October 13, 2005--Americans are evenly
divided as to whether or not Harriet Miers should be confirmed to
serve on the U.S. Supreme Court. However, the latest Rasmussen
Reports survey finds that 65% believe she is likely to be confirmed.
Just 18% say that confirmation is not very likely or not at all
Despite vocal opposition from many
Republican activists, most Republicans across the county support the
President's selection. Fifty-four percent (54%) of the GOP faithful
say the President's nominee should be confirmed. Only 17% disagree.
Republicans supported the nomination of
John Roberts by a 64% to 11% margin.
Among Democrats. 39% say Miers should
not be confirmed while 17% take the opposite view. Those numbers are
very similar to the Democrats' view of Roberts.
Overall, 32% of Americans say Miers
should be confirmed while 28% disagree. A plurality, 40%, have no
That's a lower level of support than the
Roberts nomination received. On the eve of his confirmation
hearings, 39% thought Roberts should be confirmed while 26%
disagreed. Surveys earlier in the process showed slightly more
support for Roberts.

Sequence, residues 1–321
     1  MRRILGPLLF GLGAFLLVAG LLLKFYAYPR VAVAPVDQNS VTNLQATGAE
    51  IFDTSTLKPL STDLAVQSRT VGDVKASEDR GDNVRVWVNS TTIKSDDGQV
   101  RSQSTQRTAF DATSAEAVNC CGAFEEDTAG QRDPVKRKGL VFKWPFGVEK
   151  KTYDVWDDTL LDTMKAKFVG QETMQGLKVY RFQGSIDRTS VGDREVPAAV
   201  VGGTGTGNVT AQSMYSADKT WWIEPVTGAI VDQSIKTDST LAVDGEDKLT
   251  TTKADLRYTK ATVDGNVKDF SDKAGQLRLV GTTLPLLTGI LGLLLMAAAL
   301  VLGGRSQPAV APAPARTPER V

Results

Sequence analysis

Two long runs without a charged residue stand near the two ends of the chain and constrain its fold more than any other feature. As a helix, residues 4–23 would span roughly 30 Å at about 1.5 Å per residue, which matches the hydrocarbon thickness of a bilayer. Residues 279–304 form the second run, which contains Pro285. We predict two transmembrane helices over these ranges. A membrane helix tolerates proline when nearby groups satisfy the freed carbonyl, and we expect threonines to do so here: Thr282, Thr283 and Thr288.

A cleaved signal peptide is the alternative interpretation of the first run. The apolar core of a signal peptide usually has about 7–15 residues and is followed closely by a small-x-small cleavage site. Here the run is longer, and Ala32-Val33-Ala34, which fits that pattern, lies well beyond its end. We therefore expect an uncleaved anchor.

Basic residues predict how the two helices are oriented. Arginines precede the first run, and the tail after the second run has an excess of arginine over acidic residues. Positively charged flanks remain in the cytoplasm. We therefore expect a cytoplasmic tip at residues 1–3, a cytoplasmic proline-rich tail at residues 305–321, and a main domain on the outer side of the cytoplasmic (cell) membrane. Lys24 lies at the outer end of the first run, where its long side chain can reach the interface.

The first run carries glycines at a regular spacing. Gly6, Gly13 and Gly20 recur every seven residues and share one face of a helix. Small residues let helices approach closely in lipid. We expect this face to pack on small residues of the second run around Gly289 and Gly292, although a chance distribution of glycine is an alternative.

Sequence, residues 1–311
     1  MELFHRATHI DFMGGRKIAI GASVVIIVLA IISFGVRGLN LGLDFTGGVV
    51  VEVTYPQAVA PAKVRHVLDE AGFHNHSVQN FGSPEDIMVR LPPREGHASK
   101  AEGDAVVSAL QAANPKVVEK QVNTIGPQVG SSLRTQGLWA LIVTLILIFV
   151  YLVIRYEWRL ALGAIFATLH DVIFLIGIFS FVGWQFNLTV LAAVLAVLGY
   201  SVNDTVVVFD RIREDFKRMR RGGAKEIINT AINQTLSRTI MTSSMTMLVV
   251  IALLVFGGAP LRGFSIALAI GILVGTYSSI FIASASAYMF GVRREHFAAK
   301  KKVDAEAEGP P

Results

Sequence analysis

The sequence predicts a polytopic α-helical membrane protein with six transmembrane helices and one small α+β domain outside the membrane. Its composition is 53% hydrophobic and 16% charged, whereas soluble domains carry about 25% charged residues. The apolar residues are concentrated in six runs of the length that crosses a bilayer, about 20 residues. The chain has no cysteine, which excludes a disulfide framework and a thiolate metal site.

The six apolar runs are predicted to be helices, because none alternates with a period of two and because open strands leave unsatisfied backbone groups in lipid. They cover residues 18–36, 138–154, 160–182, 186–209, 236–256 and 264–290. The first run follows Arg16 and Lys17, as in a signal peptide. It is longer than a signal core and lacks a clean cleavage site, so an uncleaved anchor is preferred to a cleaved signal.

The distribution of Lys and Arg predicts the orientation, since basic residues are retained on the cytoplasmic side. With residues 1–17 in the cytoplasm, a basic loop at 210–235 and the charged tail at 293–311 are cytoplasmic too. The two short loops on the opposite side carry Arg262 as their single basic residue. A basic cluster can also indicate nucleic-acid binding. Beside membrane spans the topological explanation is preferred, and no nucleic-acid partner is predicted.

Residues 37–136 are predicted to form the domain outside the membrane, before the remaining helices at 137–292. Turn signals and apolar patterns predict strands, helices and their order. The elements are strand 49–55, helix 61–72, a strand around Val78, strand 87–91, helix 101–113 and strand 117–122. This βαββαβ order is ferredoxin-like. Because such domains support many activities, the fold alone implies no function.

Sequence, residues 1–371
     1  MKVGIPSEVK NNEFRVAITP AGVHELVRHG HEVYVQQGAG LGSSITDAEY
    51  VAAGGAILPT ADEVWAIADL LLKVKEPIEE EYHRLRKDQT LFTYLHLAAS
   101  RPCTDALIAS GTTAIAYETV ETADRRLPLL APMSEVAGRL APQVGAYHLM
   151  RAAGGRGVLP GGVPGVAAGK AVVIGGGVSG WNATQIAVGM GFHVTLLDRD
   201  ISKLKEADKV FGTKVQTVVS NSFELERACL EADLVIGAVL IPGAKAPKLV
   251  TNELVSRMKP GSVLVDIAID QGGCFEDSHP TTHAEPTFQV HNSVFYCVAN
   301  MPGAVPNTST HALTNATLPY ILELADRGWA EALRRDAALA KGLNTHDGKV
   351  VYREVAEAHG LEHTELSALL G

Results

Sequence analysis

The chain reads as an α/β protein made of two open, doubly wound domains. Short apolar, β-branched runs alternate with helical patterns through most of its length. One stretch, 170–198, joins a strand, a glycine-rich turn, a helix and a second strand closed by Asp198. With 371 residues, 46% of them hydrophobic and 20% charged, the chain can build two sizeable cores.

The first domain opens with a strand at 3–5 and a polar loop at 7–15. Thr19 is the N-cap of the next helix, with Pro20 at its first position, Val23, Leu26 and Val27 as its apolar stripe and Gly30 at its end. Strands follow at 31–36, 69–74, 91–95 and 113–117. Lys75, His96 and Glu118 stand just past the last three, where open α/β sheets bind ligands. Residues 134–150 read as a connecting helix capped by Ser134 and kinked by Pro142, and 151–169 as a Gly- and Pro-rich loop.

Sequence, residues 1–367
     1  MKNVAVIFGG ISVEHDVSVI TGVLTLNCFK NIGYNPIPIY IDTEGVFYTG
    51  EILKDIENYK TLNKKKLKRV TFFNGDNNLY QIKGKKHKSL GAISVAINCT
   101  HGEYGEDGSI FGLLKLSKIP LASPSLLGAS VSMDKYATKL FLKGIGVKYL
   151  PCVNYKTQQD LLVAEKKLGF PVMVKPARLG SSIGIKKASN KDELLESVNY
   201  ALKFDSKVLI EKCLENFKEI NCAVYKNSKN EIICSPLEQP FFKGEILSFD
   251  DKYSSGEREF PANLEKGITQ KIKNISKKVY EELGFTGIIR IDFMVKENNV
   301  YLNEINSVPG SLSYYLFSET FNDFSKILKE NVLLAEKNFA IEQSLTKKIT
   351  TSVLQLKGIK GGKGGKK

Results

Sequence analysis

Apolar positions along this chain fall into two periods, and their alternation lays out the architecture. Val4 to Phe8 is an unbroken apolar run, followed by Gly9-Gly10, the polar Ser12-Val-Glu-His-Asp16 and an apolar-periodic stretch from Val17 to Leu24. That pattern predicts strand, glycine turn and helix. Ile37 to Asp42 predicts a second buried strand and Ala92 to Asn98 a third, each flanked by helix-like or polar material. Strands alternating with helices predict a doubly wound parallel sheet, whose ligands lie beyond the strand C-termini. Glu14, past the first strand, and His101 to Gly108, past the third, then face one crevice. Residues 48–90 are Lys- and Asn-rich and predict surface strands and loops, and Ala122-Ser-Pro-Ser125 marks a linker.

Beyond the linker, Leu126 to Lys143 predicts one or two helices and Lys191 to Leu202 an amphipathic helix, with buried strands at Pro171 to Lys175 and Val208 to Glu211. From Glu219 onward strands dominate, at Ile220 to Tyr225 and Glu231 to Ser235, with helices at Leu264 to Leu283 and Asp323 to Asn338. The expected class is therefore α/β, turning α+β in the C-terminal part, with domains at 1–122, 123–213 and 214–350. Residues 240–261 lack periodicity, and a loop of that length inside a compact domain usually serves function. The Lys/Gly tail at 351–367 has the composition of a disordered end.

Twenty-eight percent (28%) of Americans
have a favorable opinion of Miers while 26% have an unfavorable
opinion. Men are more likely to have a positive opinion of her than
Rasmussen Reports is an electronic publishing firm
specializing in the collection, publication, and distribution of
public opinion polling information.
Rasmussen Reports was the nation's most accurate
polling firm during the Presidential election and the only one to
project both Bush and Kerry's vote total within half a percentage
point of the actual outcome.
During Election 2004, RasmussenReports.com was
also the top-ranked public opinion research site on the web. We had
twice as many visitors as our nearest competitor and nearly as many
as all competitors combined.
Scott Rasmussen, president of Rasmussen
Reports, has been an independent pollster for more than a decade.
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The telephone survey of 600 Adults was conducted by Rasmussen Reports October 12-13,
2005. The margin of sampling error for the survey is +/- 4
percentage points with a 95% level of confidence. 37% of survey
respondents were Republican, 37% Democrat, and 26% unaffiliated (see Methodology)